Back at the BCI offices, Pubcon livebloggers Kristi Kellogg and Virginia Nussey came across this SNL skit emphasizing some of the millennial characteristics Illyes describes. It may add some context to the conversation. Or just a chuckle. 😉

Source: bruceclay

Remove Defamatory or Offensive Web Posts On Sites Like 0

Remove Rip off Report legal

If you or your business has ever had anything posted about it on a website like,,,,,, or other complaint boards, it is embarrassing and frustrating to say the least.

Remove Rip off Report legal

Remove Rip off Report legal

The worst part about it is that even if the information in a post is blatantly FALSE and DEFAMATORY or concerns PRIVATE LIFE, section 230 of the Communication Decency Act (“CDA”) provides website owners a complete legal defense for the content posted by third parties and no obligation to take it down. Ripoffreport (, for example, has a policy that it will never take down content that is posted on its site under any circumstances. In the vast majority of circumstances, lawsuits against the company are useless. Luckily, I’d like to reveal a proven way that you can remove unwanted content from the internet so that it will NEVER SHOW UP IN SEARCH ENGINE RESULTS. The method for doing this is completely different than SEO techniques that only bury the content or paying off websites through “corporate advocacy programs” (that are really just “extortion”).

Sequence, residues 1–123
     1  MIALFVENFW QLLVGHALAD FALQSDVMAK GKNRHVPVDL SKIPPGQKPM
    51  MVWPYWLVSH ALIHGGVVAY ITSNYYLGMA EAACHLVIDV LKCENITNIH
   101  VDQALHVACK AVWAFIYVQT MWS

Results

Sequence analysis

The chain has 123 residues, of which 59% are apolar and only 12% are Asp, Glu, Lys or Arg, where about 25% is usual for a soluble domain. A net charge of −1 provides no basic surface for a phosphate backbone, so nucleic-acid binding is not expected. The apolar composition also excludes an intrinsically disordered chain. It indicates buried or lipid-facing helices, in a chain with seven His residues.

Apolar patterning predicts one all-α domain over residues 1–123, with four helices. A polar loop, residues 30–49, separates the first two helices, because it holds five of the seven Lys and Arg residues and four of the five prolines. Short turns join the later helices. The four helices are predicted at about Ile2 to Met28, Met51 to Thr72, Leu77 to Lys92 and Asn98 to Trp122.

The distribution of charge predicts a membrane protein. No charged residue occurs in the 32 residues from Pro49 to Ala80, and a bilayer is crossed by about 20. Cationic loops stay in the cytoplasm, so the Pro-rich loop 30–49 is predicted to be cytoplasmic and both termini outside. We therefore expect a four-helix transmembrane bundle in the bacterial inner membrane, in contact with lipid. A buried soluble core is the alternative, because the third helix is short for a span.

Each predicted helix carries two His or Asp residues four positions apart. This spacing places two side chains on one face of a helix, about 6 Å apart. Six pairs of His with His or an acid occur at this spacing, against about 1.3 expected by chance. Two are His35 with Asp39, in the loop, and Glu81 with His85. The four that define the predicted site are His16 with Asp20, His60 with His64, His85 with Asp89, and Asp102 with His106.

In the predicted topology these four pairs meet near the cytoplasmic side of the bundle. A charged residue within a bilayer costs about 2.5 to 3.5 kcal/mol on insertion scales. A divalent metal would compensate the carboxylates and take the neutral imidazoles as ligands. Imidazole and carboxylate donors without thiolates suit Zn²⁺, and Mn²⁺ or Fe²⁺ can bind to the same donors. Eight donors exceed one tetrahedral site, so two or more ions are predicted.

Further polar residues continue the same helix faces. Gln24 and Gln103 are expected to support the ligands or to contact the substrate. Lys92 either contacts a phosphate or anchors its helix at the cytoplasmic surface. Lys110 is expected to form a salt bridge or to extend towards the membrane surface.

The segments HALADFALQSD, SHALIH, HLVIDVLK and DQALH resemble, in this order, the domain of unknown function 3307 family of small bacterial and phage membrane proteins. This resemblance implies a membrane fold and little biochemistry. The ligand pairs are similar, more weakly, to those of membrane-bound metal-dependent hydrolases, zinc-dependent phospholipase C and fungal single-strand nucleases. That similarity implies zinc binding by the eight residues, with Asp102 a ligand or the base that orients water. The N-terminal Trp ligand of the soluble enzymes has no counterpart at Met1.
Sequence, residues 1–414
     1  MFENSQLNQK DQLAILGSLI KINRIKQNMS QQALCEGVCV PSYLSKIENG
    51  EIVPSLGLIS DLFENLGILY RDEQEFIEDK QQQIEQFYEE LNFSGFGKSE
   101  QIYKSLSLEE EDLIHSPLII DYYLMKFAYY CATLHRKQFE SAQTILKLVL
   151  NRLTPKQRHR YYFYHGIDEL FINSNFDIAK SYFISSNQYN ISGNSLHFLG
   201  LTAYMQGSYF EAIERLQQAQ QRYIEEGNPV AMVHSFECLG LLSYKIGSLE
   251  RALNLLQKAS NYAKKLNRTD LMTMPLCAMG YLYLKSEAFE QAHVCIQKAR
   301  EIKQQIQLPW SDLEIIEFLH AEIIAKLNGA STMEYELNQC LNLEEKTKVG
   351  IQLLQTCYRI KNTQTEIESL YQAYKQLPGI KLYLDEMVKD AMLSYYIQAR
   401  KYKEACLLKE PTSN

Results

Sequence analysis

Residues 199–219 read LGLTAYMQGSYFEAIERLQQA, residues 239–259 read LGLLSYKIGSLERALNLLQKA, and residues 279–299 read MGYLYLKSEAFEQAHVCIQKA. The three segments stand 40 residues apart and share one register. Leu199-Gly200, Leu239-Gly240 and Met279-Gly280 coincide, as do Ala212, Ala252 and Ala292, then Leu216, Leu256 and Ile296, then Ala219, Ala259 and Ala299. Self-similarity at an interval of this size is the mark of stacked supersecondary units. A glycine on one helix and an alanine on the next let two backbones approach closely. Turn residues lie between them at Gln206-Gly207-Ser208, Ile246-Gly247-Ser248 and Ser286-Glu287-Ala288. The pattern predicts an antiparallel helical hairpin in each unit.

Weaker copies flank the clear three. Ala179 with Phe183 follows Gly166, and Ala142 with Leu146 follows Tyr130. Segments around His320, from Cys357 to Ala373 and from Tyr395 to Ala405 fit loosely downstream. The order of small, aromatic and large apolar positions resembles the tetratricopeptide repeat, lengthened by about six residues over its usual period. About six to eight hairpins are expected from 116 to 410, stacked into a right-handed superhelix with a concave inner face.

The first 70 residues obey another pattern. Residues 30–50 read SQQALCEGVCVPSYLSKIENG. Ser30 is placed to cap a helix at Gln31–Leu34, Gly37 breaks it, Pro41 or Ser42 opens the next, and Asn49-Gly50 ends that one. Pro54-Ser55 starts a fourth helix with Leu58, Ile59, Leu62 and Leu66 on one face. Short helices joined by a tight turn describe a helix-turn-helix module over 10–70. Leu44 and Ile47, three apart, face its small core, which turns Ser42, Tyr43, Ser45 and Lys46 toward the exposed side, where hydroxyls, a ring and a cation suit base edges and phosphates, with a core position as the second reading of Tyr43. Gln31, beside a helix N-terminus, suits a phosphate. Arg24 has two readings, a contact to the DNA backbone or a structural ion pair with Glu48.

So what’s the secret?

File a lawsuit and get an order from a court for an injunction for the de-listing of the content from search engines like Google, Bing, and Yahoo. Here are the steps:

  1. Consult with an attorney and file a lawsuit against the original author for whatever claims you have against them in connection with the posting of the report (defamation, disparagement, invasion of privacy, conspiracy, tortious interference). Make sure your claims are legitimate. For example, truth is an absolute defense to defamation lawsuits.
  2. Win your case or obtain an agreement with the person you sue for a stipulated settlement.
  3. Obtain a court order for the de-listing of the offending post from search engines.
  4. Present the court order to the search engines.
  5. Wait for the search engines to respond. Once they do the content will not show up in search engine results again! Search engines provide this service at no cost. So the only costs are from litigation and court expenses.